The Oscar winner, who stars in the new movie CODA, on how a chance meeting with Henry Winkler and his wife Stacey helped Marlee Matlin find and keep her footing in Hollywood

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marlee matlin and henry winkler
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Marlee Matlin's Hollywood success story began three decades ago when she won an Oscar at age 21 for her first-ever movie role in 1986's Children of a Lesser God. But the actress was struggling behind the scenes with addiction.

Matlin, who is now 55 and stars in the Apple TV+ coming-of-age drama CODA, learned of her historic nomination after she checked herself into rehab. She was the youngest and first deaf winner in Oscar history.

"It was the best ever place I could be, the best decision I ever could've made because it worked," Matlin tells PEOPLE via her interpreter and longtime friend Jack Jason. "To this day, I've been sober for 34 years, so it was what I needed at the time. Who knew, at 21? To make a decision that I would have to make, not from or for anybody else, but just on my own. I pat myself on the back for making that decision."

Since then the actress has appeared in numerous films and TV shows, Seinfeld, Law & Order: SVU, The West Wing and Dancing with the Stars to name a few, and has been a part of groundbreaking work for the deaf community.

Her latest film CODA (the acronym stands for Child of Deaf Adults) follows a teenage girl who is the only hearing member of her family. The film (available to stream on AppleTV+ Aug. 13) won the two top awards at the Sundance Film Festival and has received rave reviews from critics.

Matlin's success hasn't come easy, of course. The actress, who has been deaf since she was 18 months old after a childhood illness, is a self-described "open book" about the ups and downs she's experienced in life and in Hollywood—one being the fact that she is proudly 34 years sober.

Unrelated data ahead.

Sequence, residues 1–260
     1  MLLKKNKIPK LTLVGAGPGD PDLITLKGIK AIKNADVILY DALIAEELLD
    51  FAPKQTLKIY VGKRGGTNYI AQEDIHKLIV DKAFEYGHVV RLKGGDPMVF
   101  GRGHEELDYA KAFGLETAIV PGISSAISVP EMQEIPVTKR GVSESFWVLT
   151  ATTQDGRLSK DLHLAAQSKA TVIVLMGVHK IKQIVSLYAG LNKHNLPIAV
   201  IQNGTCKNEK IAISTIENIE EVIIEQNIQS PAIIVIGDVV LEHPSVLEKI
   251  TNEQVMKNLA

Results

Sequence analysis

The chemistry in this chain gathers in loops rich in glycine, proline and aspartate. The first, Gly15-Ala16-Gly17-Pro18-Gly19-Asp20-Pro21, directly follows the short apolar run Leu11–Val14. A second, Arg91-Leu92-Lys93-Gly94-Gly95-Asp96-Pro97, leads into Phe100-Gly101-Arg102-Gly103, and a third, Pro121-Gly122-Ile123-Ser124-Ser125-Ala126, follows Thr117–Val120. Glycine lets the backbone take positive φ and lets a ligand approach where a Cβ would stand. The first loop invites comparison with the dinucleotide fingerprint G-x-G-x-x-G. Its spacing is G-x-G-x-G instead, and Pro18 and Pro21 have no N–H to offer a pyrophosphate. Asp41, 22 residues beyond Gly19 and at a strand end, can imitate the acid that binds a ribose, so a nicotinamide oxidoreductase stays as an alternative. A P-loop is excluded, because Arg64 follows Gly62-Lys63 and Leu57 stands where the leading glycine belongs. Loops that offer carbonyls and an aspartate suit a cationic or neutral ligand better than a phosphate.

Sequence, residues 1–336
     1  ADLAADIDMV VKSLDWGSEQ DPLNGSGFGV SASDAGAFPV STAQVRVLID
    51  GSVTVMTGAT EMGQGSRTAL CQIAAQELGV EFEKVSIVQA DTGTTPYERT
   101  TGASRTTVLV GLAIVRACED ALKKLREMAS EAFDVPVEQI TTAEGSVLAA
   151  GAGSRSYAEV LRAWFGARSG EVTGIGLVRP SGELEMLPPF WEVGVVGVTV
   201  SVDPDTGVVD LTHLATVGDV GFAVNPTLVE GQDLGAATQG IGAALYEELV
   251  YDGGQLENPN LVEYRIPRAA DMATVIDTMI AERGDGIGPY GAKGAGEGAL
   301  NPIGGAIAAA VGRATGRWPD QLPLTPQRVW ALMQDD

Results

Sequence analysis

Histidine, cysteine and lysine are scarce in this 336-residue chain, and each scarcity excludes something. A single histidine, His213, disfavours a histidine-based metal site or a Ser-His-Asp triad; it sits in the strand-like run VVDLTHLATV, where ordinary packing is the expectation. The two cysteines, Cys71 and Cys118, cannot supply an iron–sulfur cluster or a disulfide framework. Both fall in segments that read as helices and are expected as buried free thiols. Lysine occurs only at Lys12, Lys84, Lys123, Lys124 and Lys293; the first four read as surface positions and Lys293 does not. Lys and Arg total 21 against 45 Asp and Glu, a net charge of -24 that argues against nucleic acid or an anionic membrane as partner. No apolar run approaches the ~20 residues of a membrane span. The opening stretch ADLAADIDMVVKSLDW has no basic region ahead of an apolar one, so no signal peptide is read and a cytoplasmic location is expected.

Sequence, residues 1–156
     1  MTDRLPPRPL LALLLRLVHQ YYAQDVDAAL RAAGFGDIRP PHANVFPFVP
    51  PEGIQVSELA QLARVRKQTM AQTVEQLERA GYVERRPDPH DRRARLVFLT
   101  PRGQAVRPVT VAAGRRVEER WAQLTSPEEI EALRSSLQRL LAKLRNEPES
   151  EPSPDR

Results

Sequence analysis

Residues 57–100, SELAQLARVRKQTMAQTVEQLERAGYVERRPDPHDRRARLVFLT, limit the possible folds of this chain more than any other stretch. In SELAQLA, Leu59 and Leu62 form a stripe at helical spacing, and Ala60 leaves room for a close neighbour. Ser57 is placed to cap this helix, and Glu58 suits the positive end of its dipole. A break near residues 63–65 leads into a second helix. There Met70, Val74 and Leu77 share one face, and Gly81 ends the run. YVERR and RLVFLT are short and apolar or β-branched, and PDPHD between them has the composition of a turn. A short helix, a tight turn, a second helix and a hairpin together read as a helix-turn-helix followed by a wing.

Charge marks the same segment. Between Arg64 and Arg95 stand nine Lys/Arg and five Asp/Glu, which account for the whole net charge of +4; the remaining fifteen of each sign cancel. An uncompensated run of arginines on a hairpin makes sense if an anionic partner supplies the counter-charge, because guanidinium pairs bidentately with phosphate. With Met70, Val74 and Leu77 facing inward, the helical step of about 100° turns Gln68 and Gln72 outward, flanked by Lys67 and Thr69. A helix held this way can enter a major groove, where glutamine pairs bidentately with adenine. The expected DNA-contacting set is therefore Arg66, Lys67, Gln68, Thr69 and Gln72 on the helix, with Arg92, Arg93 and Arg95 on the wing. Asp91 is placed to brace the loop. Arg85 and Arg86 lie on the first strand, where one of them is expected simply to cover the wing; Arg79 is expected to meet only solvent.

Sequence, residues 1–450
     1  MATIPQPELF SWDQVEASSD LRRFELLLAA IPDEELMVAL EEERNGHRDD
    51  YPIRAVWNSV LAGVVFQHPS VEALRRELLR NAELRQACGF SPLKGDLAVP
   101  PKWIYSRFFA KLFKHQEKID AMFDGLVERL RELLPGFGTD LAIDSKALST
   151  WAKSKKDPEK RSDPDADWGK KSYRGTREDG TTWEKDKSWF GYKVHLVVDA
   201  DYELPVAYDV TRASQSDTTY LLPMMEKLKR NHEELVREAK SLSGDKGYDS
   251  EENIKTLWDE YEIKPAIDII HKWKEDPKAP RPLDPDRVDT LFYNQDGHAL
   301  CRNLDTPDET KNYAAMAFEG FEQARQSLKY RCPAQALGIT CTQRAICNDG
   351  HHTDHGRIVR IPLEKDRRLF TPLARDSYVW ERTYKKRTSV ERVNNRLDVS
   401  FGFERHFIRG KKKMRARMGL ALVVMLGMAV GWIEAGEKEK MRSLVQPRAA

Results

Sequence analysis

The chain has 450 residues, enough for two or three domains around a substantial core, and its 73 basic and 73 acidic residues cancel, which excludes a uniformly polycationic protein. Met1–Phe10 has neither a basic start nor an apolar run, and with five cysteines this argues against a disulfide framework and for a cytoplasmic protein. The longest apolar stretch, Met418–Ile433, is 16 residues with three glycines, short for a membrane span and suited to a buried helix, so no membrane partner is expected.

marlee matlin
Credit: Time life Pictures/DMI/Getty

Part of her success story includes her longtime friendship with fellow actor Henry Winkler and his wife Stacey—with whom she lived after leaving rehab and winning her Oscar.

"They gave me a foundation to build my career on," says Matlin, who first met the Winklers when she was just 12 years old and was part of an after-school program at the International Center on Deafness and the Arts outside Chicago.

Winkler, 75, who tells PEOPLE Matlin is like "our second daughter," happened to be in Chicago and had been asked to go visit the International Center on Deafness and the Arts.

"Stacey and I went to a talent show at this place. A young girl came out, 12 years old, couldn't hear, and danced to a song from The Pajama Game," he recalls. "And Stacey and I wept, not because it was a little girl dancing who couldn't hear, but because her spirit jumped out of her body and into everyone's hearts. You couldn't miss it if you had a pulse."

After the performance, Winkler and his wife met Matlin.

marlee matlin
Credit: Jeff Vespa

"I went up to him and I said, 'Hi, I'm Marlee, and I want to be an actor in Hollywood, just like you,'" Matlin recalls. "And he said, 'Sure. Don't let anyone tell you no.' And eight years later, I was standing on a stage with an Oscar."

For much more on Marlee Matlin and CODA pick up the latest issue of PEOPLE on newsstands Friday

The Winklers kept in touch with the actress over the years and watched her win the Oscar.

"Cut to, there is a knock on the door," says Winkler. "It's Marlee. And she said, 'Look, I just left my boyfriend. I have no place. Can I just stay with you for two days?' Two-and-a-half years later, she finally moved out."

Matlin says the Winklers welcomed her into their family and helped her grow as a person and an actor.

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Credit: Apple TV+

"They said, 'Stay as long as you need to.' And I said, 'Fine.' They let me do a self-examination, explore Hollywood, set up meetings with production companies, set up my own production company," she says. "And they are both part of my professional life and my personal life."

"We had dinner together every night with the family," she continues. "All the way, I was trying to respect their boundaries as a family, because I was living in the guest house, but they always insisted that I join them for meals. And at the same time, they always gave me words of support and advice. After dinner, Henry and I would sit there over his glass of tea, and he always made sure that my dates were appropriate that came to pick me up."

Matlin says the Winklers are "one of the most loveliest families you'll ever, ever meet. Accommodating, genuine. You couldn't find a more genuine family in Hollywood."

CODA is available to stream on Apple TV+ Aug. 13.